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Digital Audio Revolution Speeding Toward Cars


Nearly four years ago, Microsoft Corp. honcho Bill Gates wowed the International Consumer Electronics Show with a new computer-powered car audio system called AutoPC.

Some were impressed by the features, such as the voice-activated maps and address book. But others were stunned by the thought of people putting Windows in their cars.

As it turns out, not many did. But Gates wasn't completely wrong--he just missed the target.

"There is going to be a computer in the car," said Andrew Wolfe, chief technical officer of Sonicblue, "and the killer app is entertainment. It's not Web access."

Sonicblue is one of a wave of companies bringing computer software and hard drives to car audio systems. Others are introducing car disc players that can handle MP3-encoded CDs or DVDs. Consumers also can find car stereos that read flash memory cards and other digital media loaded with songs from their home PCs.

In short, the digital audio revolution that has swept PCs and portable devices is finally coming to cars, thanks to a new generation of smarter car stereos.

The catch is that the revolution is still chaotic. There's no clear winner among the competing audio formats or portable media.

Most car-audio manufacturers are betting on the lowest common denominator of formats, MP3, which is popular with consumers but not with major record labels and their distribution partners.

As a consequence, not all of the songs that consumers amass on their personal computers will be compatible with the new breed of car stereos.

Have Music, Will Travel

MP3 is a compressed audio format that can squeeze 10 to 12 albums' worth of material onto a single CD without a significant loss of sound quality. Similar or better results come from its competitors, which include Microsoft's Windows Media Audio, Sony's ATRAC3, the Advanced Audio Coding format licensed by Dolby Laboratories and MP3Pro from Thomson Multimedia and Coding Technologies.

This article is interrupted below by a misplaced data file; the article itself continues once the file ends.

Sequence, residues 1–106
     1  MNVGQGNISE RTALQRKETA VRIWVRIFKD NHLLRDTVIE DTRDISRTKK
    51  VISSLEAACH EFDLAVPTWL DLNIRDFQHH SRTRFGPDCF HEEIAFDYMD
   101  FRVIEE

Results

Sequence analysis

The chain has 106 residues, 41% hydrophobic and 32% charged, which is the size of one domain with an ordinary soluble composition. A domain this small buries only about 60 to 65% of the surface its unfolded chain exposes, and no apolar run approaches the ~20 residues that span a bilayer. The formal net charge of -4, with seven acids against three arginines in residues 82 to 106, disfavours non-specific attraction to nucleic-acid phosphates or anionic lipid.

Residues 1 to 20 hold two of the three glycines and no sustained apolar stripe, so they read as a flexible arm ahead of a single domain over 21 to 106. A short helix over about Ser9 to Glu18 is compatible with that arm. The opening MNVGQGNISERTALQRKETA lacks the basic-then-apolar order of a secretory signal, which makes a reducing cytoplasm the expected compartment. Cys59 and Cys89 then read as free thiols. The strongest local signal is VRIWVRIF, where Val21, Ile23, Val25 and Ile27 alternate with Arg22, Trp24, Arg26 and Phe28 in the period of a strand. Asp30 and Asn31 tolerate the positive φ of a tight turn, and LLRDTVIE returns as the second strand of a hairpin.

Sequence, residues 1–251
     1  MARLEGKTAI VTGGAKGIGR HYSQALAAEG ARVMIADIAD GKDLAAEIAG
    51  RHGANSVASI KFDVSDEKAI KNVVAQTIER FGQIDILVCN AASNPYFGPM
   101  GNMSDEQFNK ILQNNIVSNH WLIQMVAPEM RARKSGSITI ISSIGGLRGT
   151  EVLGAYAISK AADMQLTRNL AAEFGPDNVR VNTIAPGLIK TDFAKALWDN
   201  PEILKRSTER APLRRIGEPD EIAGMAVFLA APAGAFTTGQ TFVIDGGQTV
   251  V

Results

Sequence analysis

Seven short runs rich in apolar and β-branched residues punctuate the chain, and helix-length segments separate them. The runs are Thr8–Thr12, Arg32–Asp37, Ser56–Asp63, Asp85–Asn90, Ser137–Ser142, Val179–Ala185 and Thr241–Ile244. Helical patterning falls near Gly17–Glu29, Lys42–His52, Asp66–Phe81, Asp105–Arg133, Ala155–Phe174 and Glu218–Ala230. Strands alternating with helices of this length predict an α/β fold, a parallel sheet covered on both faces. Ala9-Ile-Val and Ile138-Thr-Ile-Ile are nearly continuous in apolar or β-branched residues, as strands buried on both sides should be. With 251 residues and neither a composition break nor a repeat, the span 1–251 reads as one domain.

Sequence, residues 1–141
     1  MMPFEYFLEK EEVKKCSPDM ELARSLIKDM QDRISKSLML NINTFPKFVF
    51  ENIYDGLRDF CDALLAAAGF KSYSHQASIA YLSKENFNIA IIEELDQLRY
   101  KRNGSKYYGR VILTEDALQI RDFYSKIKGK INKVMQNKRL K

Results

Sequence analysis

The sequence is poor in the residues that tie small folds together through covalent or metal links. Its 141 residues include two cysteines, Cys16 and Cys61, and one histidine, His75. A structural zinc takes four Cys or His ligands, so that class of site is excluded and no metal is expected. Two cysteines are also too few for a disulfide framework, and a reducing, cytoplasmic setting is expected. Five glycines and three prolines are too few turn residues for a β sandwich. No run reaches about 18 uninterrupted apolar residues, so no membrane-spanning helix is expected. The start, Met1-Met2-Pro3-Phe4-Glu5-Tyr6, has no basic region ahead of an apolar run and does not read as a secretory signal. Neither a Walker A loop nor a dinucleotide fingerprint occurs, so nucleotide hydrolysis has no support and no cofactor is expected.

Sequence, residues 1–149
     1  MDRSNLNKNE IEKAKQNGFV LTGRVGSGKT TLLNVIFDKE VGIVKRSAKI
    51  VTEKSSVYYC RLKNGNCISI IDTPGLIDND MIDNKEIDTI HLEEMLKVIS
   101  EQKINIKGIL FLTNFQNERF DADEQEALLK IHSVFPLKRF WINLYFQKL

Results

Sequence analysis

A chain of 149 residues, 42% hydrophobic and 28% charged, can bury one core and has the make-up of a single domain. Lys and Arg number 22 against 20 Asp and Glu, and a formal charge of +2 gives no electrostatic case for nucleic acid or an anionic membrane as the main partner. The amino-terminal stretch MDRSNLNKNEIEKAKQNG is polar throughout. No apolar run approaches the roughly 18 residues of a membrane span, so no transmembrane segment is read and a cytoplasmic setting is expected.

That kind of compression makes it possible to cram 1,000 or more CDs onto a hard drive smaller than a paperback book. Put one of those babies in your car, and your entire CD collection will travel with you wherever you go.

The problem is you may not be able to afford it. Hard-drive-equipped car systems start at $600 and go as high as $2,000.

"It's a wonderful technology," said Stephen Witt, a marketing vice president at Alpine Electronics of America Inc. "However, to get a hard drive that has the kind of reliability and meets the requirements [of a car system], it's brutal. It's like $450."

And that's just for the parts.

The price will surely fall over time. But the huge capacity of these drives presents another problem: How do drivers find the songs they want to hear without taking their eyes off the road?

No one's going to search through hundreds of CDs and assemble playlists at 60 mph (and if they do, you wouldn't want to be on their side of the median). Nor is the one-or two-line display of the typical car stereo very helpful when dealing with list of thousands of songs.

Daniel Benyamin, a co-founder of PhatNoise Inc., says the solution is for consumers to make playlists for their car stereos on a computer, not in a car. Later this month, PhatNoise plans to sell an add-on unit for car stereos that features a removable 20-gigabyte hard drive. The drive plugs into a docking station that's attached to a computer, where users can load and organize tracks and create playlists.

PhatNoise's list price is expected to be just under $800. The company also has a 10-GB model coming from Visteon Corp., which supplies car stereos for several major car manufacturers, early next year. No price has been disclosed for that model yet.

The PhatNoise box is designed to plug into a car audio system as if it were a CD changer. Though the six buttons found on the typical car stereo might be ideal for a six-CD changer, they aren't a good fit for a hard drive holding scores of playlists and hundreds of albums. That's why PhatNoise plans to give its products an electronic voice so they can help users find their way around their on-board collection, Benyamin said.

Sonicblue used to sell a hard-drive-equipped system called the Rio Car for $1,200 to $2,000. But its focus has shifted to building units that will be marketed by other companies, including Visteon and the auto makers.

Wolfe said the company plans to start in luxury cars with larger screens than the Rio Car's four-line display--for example, a postcard-size LCD screen that also could be used for electronic maps. "Right now, we're really focused first on the systems that can provide a really good experience, and that's going to add a little bit of cost," he said.

The company is working on voice-recognition technology that would let drivers choose songs with spoken commands, he said. Although voice recognition is interesting, Wolfe said, "we don't know how important it is yet."

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